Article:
Published: Friday, Jan. 18 2013 12:05 a.m. MST
In one sense this is very neat. In another HIGHLY alarming!When we
consider that America is headed to a full socialized medical system we should
open our eyes and see the results. In a fully socialized system costs must be
contained. In a free market system costs are contained by people buying what
they can afford. When all can "afford" "free" health care costs
are contained by controlling how much care can be received.This is
where the "death panels" come into discussion. I know many do not like
to discuss this and insist it is not true but the fact is, the concept is very
true. Panels are created, guidelines established that make blanket
determinations. Under a certain age you qualify for a transplant. The next day
is your birthday, you are now over an age you no longer qualify for a
transplant. Call it what you will.So in this world does the future
include all trauma patients in an emergency room recieving triage (sic), keep
them alive for one-hour, run this test and the results will determine the level
of care? Bad results they essentially make you comfortable and let you die? I worry!!
I thought this, too. Inevitably, more information is good in the right hands
and perhaps can be used badly in the wrong hands. And our citizenry chose it.
Doctors use different markers to decide futility all the time. It is nothing
new. Would you prefer doctors invading your body and keeping you alive even
though they knew that the end result is the same?
Enough with the doom saying, please. I don't see this as anything but
America already has a socialized medical system for those lucky enough to be
employed by the federal government, armed forces, state government, county
government, most city governments, and most public schools.Many
other Americans had a socialized medical system provided by most large
businesses.Why not provide "comfort" medication for those
who have little or no chance of living and provide life saving medical attention
to those who have an excellent chance of surviving and living a good life?
Just not in the hands of bureacrats who will administer Obamacare. This is what
scares me, too many who have no value for the worth of a human, but only look at
the bottom line of their company or their perceived values. Great
for the doctor and the family and of course the patient.
To "Allen#2" actually those people do not have socialized medicine.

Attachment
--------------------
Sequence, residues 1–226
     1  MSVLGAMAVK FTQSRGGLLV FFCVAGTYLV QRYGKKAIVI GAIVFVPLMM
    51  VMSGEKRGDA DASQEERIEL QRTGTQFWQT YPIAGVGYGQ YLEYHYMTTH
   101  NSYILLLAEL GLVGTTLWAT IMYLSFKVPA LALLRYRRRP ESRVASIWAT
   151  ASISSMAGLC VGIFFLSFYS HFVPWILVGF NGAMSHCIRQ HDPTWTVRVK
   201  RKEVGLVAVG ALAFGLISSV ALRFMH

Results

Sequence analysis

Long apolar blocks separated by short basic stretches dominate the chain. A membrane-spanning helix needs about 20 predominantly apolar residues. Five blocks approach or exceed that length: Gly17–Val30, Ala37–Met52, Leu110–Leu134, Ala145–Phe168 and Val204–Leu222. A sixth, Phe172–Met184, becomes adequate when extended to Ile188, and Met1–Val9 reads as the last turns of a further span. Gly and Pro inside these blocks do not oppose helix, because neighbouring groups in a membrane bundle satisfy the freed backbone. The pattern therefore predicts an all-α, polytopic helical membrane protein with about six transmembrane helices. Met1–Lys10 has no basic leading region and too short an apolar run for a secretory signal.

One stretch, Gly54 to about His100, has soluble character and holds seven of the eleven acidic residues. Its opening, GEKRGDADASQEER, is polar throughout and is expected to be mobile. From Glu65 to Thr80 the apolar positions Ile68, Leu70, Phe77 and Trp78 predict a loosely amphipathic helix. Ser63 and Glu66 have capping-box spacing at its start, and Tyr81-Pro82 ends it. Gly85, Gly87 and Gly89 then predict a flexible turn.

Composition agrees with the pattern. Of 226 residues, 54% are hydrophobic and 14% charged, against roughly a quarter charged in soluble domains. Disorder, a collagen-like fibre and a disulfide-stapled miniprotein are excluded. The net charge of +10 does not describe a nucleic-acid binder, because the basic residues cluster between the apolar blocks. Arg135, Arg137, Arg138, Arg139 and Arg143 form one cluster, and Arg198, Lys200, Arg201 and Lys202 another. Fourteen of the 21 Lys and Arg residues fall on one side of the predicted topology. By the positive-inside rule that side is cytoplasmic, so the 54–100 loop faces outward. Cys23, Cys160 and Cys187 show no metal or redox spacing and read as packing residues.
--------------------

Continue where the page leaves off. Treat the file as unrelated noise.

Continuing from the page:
They are still dependant on the free market. Federal employees get insurance
through private companies, along with state, county, city, and public schools.
The armed forces when not deployed use the free market hospitals and doctors.
Only when deployed are they forced into a system that is owned and operated by
Completely ridiculous comments. This is just another of MANY prognostic tools
used by physicians. When we identify a patient at increased risk of death or
other poor outcome, we work even harder to save them. This data is simply a
formalization of the process that every good physician uses when he or she sees
a patient. In addition, such data may be useful in ensuring that appropriate
conversations are held with family members such that they are not blindsided
should a negative outcome occur. Such prompt & open conversations greatly
aid the coping mechanisms of the "significant others" in a
patient's life. There is absolutely no implication that this tool or any
other prognostic device is being or will be used to limit care. This has nothing
whatsoever to do with payer source, insurance or lack thereof. This hysteria is
Hofstadter's observations more than half a century ago about the
"paranoid style" in American politics remains a useful paradigm for
understanding popular discourse and the general "moral hypochondria" in
America. The DN is feeding the tendency here -- paranoia and fear are great
market stimulants. That readers like JMT become agitated and HIGHLY alarmed
reading it is the whole point.
One advantage of such data would be for surgeons. Surgery is a scheduled trauma
and these blood markers could indicate a patient's readiness for surgery.
Of course some surgeries must happen at the earliest possible
opportunity but others, like joint repair, could be postponed to give time to
treat anemia or other factors that would reduce the prognosis for post-op
Why are people worried about more information? Human judgment should still
reign supreme. And as far as "death panels" go, someone has
to decide. Usually it's on the individual level. Do we give preferential
treatment to the mother or her unborn child? Hospitals and first responders
must use triage skills when faced with multiple traumas, as do military medics.
The availability of life-changing treatments depends on how much money you have
or how expensive your insurance is. The likelihood of avoiding the death
penalty depends on how expensive your legal team is. Parents choose every day
how to treat each individual child. Dilemmas are a way of life. In
all cases, more information is better.
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